Nancy didn’t care much for Gizmo or Marmalade, but that was okay by them. They would tussle with each other and sharpen their nails on the shared scratching post while Nancy would sit on some high-above ledge and judge them, her tail jealously whipping back and forth. I could always tell what kind of mood Nancy was in based on her tail and her pupils — tall and thin pupils meant she was peaceful, fat pupils meant she was distressed, thin tail and thin eyes meant she was plotting, bushy tail and big eyes meant she was out for blood. And with the other cats around, she usually was.
I don’t remember the circumstances under which Marmalade and Gizmo left, or even much about them as pets in general except for that Marmalade liked to masturbate. He eventually came to triple Gizmo in size, as orange cats are wont to do, and he took to sleeping sloppily propped up against a wall with a paw gracefully placed on his nuts. He looked like he’d passed out after a night of hard partying, and we’d take pictures of him like that and so now that’s the only way I can remember him. Gizmo, I don’t remember anything about except that he or she was cute and had satisfied my need to avenge Nancy and her terrible name. They both went to live with my dad’s coworker, maybe when we brought in an abandoned stray dog called Scruffy who turned out to be a handful or when my grandfather moved in with us after being mugged or perhaps when my family moved out of our apartment on the second story and to a house in Rockland County. Either way, we still receive photo updates of the cats and they seem to be doing great.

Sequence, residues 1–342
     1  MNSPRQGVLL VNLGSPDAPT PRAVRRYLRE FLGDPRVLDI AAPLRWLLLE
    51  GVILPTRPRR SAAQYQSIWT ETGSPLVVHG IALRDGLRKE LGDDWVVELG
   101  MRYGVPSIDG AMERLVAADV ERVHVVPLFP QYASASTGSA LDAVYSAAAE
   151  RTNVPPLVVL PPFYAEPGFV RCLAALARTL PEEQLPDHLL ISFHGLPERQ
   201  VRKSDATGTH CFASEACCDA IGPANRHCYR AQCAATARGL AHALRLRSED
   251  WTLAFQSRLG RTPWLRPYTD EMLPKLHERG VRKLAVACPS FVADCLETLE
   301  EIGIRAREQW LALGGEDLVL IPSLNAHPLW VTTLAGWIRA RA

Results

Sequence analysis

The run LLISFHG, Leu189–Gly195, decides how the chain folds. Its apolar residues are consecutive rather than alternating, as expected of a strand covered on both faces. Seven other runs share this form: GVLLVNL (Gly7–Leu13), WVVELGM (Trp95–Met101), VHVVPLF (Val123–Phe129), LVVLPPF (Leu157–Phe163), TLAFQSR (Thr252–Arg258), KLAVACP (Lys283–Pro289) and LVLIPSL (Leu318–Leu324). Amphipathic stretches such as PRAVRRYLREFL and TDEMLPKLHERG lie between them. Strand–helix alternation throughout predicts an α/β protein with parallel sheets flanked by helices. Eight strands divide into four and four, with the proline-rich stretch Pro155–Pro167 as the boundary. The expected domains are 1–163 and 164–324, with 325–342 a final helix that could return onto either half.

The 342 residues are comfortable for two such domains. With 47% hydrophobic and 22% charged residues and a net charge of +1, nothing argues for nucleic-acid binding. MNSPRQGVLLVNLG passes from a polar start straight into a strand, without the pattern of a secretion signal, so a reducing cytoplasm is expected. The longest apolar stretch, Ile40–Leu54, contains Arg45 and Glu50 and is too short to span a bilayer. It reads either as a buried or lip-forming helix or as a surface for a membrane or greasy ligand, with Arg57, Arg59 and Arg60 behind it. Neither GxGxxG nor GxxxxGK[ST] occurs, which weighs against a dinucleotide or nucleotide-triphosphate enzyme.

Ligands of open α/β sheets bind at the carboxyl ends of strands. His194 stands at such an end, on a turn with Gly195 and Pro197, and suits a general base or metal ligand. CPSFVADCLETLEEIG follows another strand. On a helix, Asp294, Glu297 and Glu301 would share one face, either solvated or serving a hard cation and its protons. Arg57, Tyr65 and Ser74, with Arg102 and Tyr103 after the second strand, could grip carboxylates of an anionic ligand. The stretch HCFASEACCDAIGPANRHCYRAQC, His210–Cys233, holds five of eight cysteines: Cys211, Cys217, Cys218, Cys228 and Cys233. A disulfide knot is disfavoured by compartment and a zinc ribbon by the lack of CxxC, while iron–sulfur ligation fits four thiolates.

Nancy took to the suburbs well, all things considered, or at least she took to them better than I did. She transitioned from indoor cat to outdoor cat without anyone’s permission; it seemed she had no trouble finding her way back to the front door after hours of menacing deer or catching field mice or sprawling out in whatever sun spots she could find and so we allowed her to go off on her own. After all, she was practically a senior citizen in cat years, what could we tell her?
She was 14 when I left for college. I’ve been told 14 is kind of old for a cat, but never by someone who knew Nancy personally. When I left, my brother took my place and brought with him a cat named Meatball. Soon after, he moved in with his fiancee and my parents got stuck with the cat — which wasn’t a bad thing, unless you were Nancy. Meatball was a bit overweight, but so soft and agreeable that anyone with good sense would call her beautiful, perfect even. I always wanted to touch her, but she didn’t make that easy. When I came to visit, Nancy could feel my presence the second I stepped into the house and greeted me accordingly, but Meatball had no idea who I was. I saw the way she cozied up to my mom and retracted from me and for the first time, I realized this was not my home anymore, this was not my pet.
My senior year of college, a skinny and well-groomed grey cat who was too clean to be homeless but too hungry and present to have a real home kept showing up at our apartment until my five roommates and I decided to keep her. We named her “Cat,” probably to be cute but maybe also because we were 20-year-olds who had important things like finals and keg parties consuming our time and interests. Two weeks later, we moved to a new apartment and Cat escaped during the shuffle, presumably returning to her real home. We never saw her again.
Around this time, I got a call informing me that Nancy had gone missing. My immediate thought was that she’d crawled off somewhere to die, the way pets do to spare their owners the trauma of finding their loved-up little bodies. I felt certain she was dead but without the finality of it all, like I was being realistic about the situation without reacting to it in a realistic way. On the fifth day she was missing, I came across this picture and knew for sure that I would never see my cat again.